The ultimate beauty jargon buster
Want to know the difference between contouring, chroming and strobing? Confused by foiling and tight lining? The hair and beauty experts from Hairtrade.com have compiled a handy beauty jargon buster to explain what all those phrases actually mean.
With new trends and beauty secrets appearing every few weeks it can be near impossible to understand what all these new words translate to. From hair trends such as ombre to new beauty products such as CC cream and Micellar water there’s a lot to get your head around. Eye make up jargon such as tight lining, foiling and cut creases all get an explanation too. Plus, tips on how to prevent lipstick feathering as well as what it means to do some ‘multi masking’ are all revealed.
Joanne Dodds, from Hairtrade.com, said: “There are so many new trends and phrases to learn in the beauty industry it can be hard to keep track. That’s why we’ve compiled this list of top beauty trends and products that need a bit of explaining as to what they actually do.
“Many of them are ones people may have already heard of, yet never understood, and others could be completely brand new. Either way, our handy list will make it easier than ever to know all the top beauty jargon and sound like a serious expert to everyone else.”
Take a look at the jargon buster list here:
Many hadn’t heard of this technique until the Kardashian clan made it famous. Simply put, the aim is to use a contouring product, or darker foundation, to enhance your facial structure, e.g. your cheekbones.
This simply involves colouring the bottom half of your hair a lighter shade than the top but ensuring the two colours blend together gradually.
3. CC cream
Many assume CC cream is a more advanced version of BB cream but it’s entirely different. CC stands for colour correcting and comes in a variety of hues to balance out redness.
4. Eau de toilette
Perfume comes in two forms, eau de toilette and eau de parfum, yet few people know the difference. Simply put, eau de toilette contains around 10% of the aroma whilst eau de parfum contains as much between 15-20% making it far more powerful.
Whilst it sounds like something you would do in a nightclub, strobing means adding light reflecting make up, or highlighter, to parts of your face to create a dewy finish. Apply highlighter to the top of cheekbones, under eyebrows and along the bridge of your nose for the effect.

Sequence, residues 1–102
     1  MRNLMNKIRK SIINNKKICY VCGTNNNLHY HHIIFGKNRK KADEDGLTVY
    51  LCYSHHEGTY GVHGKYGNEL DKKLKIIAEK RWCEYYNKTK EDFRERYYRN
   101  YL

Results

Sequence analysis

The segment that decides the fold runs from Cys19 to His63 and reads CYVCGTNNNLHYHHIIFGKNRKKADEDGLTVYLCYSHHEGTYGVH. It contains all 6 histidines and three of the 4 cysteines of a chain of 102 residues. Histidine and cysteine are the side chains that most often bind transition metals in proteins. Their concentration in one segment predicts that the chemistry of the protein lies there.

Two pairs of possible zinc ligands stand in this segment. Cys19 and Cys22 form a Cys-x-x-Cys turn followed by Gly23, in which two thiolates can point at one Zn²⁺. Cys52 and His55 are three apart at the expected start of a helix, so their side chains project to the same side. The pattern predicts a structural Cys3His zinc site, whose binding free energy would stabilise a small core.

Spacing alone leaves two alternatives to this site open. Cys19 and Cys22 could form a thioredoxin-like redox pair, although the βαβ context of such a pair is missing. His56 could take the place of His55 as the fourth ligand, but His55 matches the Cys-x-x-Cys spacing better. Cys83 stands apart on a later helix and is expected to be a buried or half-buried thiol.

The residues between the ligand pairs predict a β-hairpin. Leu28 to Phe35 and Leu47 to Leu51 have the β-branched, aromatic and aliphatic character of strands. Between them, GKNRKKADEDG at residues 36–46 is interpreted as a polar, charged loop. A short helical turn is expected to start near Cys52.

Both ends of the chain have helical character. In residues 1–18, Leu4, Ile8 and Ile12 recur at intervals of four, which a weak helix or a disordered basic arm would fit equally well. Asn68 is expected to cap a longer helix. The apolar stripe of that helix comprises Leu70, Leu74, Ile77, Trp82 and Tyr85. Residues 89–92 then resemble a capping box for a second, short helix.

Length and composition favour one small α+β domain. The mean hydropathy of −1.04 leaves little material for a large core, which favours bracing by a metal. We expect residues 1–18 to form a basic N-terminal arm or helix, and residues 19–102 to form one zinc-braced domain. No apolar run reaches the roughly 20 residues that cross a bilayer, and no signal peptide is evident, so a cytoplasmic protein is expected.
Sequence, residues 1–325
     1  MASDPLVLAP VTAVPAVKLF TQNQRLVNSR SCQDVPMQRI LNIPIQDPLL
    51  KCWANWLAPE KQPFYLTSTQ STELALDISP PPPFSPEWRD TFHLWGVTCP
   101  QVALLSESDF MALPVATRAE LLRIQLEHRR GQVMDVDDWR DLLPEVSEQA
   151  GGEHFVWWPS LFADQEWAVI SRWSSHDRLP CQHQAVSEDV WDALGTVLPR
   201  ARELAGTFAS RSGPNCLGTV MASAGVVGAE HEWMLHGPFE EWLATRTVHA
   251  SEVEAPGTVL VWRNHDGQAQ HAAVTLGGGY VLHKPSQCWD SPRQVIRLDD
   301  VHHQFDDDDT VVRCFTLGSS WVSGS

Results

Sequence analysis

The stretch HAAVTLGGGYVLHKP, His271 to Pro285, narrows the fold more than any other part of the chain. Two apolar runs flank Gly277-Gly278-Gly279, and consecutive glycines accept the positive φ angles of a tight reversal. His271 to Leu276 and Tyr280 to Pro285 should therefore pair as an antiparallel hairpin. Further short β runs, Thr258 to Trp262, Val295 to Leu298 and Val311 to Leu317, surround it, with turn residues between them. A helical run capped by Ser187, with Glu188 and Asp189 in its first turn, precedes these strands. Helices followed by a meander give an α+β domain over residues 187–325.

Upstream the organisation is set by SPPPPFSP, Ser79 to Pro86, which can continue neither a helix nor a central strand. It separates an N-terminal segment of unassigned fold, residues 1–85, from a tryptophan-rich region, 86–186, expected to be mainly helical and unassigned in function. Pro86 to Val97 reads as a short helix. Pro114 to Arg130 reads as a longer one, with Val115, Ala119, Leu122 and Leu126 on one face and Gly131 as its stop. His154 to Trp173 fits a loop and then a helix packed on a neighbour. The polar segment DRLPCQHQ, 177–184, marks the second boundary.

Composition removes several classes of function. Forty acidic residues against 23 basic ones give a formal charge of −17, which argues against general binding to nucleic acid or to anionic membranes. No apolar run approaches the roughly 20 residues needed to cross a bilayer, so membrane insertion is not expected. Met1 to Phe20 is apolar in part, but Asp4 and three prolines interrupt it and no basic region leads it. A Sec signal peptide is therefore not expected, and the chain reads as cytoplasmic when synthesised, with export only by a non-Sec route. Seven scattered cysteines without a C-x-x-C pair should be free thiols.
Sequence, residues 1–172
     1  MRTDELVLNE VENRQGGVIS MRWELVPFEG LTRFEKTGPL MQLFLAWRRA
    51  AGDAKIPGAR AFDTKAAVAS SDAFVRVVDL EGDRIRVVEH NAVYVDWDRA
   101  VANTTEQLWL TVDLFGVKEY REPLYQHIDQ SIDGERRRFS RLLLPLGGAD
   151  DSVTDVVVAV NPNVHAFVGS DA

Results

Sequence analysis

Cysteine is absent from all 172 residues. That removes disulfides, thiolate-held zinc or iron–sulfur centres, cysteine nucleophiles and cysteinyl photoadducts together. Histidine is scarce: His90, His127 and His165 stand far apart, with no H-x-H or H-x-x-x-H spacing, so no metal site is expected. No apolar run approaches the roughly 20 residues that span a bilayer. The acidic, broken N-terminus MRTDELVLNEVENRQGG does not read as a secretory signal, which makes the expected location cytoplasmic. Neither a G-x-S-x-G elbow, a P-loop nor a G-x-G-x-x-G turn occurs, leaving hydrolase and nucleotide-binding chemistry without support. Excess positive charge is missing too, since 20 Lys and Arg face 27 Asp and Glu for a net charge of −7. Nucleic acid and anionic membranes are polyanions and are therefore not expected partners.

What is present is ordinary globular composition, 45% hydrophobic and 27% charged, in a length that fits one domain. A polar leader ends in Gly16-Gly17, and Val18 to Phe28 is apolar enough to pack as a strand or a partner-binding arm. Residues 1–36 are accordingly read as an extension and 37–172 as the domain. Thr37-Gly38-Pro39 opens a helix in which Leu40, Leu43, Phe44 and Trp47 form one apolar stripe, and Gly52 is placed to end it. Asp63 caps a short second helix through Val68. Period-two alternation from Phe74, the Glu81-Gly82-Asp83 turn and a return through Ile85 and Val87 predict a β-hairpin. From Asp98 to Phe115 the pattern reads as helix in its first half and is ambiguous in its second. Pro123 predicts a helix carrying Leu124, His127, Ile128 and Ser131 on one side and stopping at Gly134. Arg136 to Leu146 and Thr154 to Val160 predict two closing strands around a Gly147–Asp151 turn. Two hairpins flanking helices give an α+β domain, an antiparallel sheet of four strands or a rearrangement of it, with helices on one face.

6. Cut crease
This skill involves accentuating the line where your eyelid and the fold of skin above it meet. By using eyeshadow to define the line it can make eyes look bigger and eye make up more dramatic.
Foiling involves applying eyeshadow with a wet brush to create a shinier, and therefore foil-like, effect. Check beforehand that your eyeshadow is compatible and then simply dip your brush in water before applying.
A dupe, short for duplicate, is a beauty product that is cheaper than a different, usually well-known, brand yet achieves the same results. Dupes are very hit and miss and are found by dedicated beauty bloggers who are willing to keep searching.
9. Tight lining
Tight lining is the art of applying eyeliner to your upper waterline, just underneath the root of your eyelashes, to give the appearance of both thicker lashes and bigger eyes. It does take practice and is best performed with waterproof eyeliner.
10. Lipstick feathering
Lipstick feathering isn’t so much a tool as something you want to avoid as it’s when your lipstick bleeds into your fine lines and wrinkles surrounding your lips. To avoid, simply blot and reapply throughout the day.
11. Micellar water
This new trend has actually been around for centuries but has only recently been adopted by beauty fans. Simply put, micellar water contains tiny balls, micelles, that attract make up and dirt with great ease.
Originally a trend started by drag queens, baking involves adding translucent powder to your face after make up and waiting ten minutes to encourage the heat from your face to set your foundation and concealer.
13. Multi masking
Multi masking does what it says on the tin. It involves using different forms of face masks on different parts of the skin, at the same time. For example a hydrating mask for your cheeks, a soothing one for under the eyes and a clay mask for your T-zone.
If contouring and strobing sound too complicated for your liking then chroming is the next best option. By simply using a lipstick with the right hue for skin tone along with some shimmer it can work as a highlighter on your skin when you’re in a rush.
Image credit: FreeImages.com/Valentina Jori